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Music Review: Putumayo Presents Americana

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Modern Americana music has its roots in the wide variety of musical styles from the cultures that make up the population of the United States. While it originally came from the Scottish and Irish music of the people who settled in Appalachia, over time other styles have been incorporated into the umbrella descriptor Americana music. For many, the definition of Americana music is fluid and often depends on the tradition from which the listener approaches it. For me, Americana music has been defined as Scots-Irish mountain music translated to modern times by singer/songwriters, but my perspective has expanded the more I listen to it.

One source of information and inspiration is the Putumayo Presents Americana collection. The twelve tracks run the gamut of Americana music, from modern singer/songwriter folk to bluegrass to blues to roots rock and swing. The track list reads a bit like a who's who of Americana music, with a few lesser known folks mixed in for a little variety and exposure. Old Crow Medicine Show and Alison Brown are to be expected on a compilation such as this, but it was a nice surprise to see Texan singer/songwriter Terri Hendrix on it as well.

In listening to Putumayo Presents Americana, I found myself surprised and delighted by some of the songs and performers. The complex layers of the production on RobinElla's song "Down the Mountain" grabbed my attention from the start, making it an excellent choice for the lead track. Her quivering-yet-pure vocals add another dimension to the song, easily making it one of the "hit repeat several times before going on" tracks.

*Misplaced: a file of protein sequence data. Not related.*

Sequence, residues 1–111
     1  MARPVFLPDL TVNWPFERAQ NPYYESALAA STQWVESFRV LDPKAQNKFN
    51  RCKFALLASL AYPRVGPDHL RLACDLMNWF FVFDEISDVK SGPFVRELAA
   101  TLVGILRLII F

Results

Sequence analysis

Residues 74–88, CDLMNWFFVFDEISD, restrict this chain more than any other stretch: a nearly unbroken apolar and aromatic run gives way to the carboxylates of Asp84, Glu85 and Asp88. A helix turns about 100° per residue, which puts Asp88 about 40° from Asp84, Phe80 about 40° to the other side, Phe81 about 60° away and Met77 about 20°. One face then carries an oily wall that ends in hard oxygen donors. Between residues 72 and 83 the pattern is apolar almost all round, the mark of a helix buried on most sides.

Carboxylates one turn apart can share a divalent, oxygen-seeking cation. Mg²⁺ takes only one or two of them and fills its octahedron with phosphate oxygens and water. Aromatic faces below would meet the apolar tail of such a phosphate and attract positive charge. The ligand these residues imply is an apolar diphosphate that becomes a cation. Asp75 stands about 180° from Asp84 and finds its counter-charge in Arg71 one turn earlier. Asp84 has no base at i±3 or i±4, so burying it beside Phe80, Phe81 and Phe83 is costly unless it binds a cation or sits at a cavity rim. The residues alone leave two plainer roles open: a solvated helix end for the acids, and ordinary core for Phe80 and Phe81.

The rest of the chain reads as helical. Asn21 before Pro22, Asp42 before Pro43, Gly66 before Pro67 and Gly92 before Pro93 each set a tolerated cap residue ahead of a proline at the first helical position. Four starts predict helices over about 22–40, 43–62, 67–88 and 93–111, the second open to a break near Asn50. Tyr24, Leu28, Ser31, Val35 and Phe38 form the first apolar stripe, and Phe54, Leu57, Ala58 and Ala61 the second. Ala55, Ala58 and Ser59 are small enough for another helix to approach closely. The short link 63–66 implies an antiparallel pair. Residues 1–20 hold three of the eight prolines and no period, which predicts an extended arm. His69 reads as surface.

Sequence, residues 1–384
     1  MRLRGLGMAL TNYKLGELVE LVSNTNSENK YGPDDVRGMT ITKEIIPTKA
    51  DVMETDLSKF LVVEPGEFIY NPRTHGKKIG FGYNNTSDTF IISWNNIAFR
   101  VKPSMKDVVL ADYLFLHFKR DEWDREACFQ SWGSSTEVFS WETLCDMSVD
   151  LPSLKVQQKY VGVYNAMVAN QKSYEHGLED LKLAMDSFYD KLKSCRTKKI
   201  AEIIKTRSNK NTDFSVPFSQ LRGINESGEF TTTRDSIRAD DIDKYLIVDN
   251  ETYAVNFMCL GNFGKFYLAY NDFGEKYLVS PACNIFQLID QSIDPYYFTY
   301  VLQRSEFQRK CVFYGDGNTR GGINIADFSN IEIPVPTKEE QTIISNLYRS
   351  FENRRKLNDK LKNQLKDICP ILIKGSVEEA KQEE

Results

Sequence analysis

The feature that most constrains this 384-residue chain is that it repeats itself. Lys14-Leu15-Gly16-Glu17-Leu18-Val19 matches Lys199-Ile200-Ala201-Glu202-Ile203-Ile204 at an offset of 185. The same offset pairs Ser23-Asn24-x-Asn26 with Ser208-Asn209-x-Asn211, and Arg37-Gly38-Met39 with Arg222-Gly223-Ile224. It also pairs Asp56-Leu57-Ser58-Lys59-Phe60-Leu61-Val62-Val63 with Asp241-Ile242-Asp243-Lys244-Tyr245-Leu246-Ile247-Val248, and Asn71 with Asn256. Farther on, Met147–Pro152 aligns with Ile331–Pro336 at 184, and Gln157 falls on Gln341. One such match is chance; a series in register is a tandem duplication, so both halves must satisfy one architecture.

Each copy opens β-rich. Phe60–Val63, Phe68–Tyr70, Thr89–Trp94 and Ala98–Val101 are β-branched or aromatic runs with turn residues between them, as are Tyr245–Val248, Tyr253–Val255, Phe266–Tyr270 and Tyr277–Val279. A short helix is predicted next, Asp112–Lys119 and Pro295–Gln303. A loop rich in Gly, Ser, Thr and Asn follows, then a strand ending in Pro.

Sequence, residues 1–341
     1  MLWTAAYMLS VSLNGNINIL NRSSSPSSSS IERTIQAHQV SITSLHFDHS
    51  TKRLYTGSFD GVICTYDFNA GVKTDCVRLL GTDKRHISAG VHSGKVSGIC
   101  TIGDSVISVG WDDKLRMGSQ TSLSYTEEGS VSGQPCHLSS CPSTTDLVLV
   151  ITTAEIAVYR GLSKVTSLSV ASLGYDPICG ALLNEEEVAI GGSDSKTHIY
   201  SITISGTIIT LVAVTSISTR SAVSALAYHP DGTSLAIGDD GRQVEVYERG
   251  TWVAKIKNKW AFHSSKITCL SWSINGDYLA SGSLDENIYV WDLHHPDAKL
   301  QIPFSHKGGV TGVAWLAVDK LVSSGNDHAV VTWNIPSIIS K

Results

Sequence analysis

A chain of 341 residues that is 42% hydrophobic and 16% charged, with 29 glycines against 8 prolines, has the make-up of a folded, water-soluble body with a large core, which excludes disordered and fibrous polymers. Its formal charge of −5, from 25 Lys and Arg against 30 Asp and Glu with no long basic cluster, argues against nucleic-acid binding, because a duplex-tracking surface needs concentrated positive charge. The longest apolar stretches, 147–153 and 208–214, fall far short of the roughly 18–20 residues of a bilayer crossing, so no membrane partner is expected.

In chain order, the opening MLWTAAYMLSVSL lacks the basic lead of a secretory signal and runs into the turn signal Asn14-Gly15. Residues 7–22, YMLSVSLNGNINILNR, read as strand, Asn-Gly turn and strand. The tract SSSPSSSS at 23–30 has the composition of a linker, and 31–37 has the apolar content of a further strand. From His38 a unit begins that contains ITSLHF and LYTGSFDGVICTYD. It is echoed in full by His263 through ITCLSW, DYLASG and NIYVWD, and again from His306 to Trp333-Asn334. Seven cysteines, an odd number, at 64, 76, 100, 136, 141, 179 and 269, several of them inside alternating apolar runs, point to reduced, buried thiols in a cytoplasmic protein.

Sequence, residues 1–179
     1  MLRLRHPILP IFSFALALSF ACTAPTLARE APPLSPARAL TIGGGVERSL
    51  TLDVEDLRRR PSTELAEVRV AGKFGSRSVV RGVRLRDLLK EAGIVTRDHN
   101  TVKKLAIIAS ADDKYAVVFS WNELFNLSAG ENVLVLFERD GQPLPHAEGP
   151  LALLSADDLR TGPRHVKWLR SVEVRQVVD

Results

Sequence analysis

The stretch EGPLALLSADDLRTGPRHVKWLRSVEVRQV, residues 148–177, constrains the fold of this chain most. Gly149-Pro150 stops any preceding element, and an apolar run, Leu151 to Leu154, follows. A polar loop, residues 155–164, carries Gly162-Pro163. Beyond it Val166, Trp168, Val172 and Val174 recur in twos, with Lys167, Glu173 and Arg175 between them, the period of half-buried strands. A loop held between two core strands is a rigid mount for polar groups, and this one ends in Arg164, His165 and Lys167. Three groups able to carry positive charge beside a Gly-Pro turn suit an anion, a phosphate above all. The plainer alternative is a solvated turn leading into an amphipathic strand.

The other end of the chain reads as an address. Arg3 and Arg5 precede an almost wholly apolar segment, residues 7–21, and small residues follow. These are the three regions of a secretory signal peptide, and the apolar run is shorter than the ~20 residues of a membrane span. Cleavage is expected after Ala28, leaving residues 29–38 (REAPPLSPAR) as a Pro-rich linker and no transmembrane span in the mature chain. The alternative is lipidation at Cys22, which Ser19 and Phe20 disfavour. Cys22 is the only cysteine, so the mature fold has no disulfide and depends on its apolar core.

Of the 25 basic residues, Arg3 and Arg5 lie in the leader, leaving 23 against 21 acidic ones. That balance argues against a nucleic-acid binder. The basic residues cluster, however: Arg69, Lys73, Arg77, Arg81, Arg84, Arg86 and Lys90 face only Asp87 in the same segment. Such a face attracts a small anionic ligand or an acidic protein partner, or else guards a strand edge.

Prior to this recording, I had not heard of Chip Taylor and Carrie Rodriguez (go ahead, smack me around if I am displaying too much ignorance), but after hearing the warmth in their unlikely vocal pairing, I hope to hear more from them soon. Taylor has a gravelly older-man voice, and Rodriguez has a sweet younger-woman voice, yet somehow the combination of the two works perfectly in the Texas dancehall style song, "Sweet Tequila Blues."

"Wagon Wheel" is one of Americana music's more enjoyable sing-along songs, particularly with the layered harmonies, and Old Crow Medicine Show does fine job with this recording. Alison Brown supplies the only instrumental in the collection, "Deep Gap," and rather than playing the banjo as one might expect, she trades acoustic guitar licks with David Grier. Finally, Texan singer/songwriter Ruthie Foster concludes the compilation with a song written by Terri Hendrix, who appears on the album playing a song written by Jeff Barbra and Sarah Pirkle called "Prayer for My Friends." Foster adds an element of gospel to "Hole In My Pocket," leaving the listener with a sense of being blessed and baptized to go out and spread the good news about Americana music.

Interestingly enough, the New Grove Dictionary of Music does not include an article about Americana music, and as far as I can tell, does not use the term at all. Perhaps it is another sign of the fluid and difficult to define nature of the term. In listening to the Putumayo compilation, it is easy to hear that one common aspect that Americana music has is that the focus is equally on music and lyrics, but the lyrics must tell a story about human nature in some fashion. These are not lyrically abstract art pieces — first and foremost, Americana music is music by and for the people. Critics and musicologists sometimes miss that point in their analysis.

About Anna Creech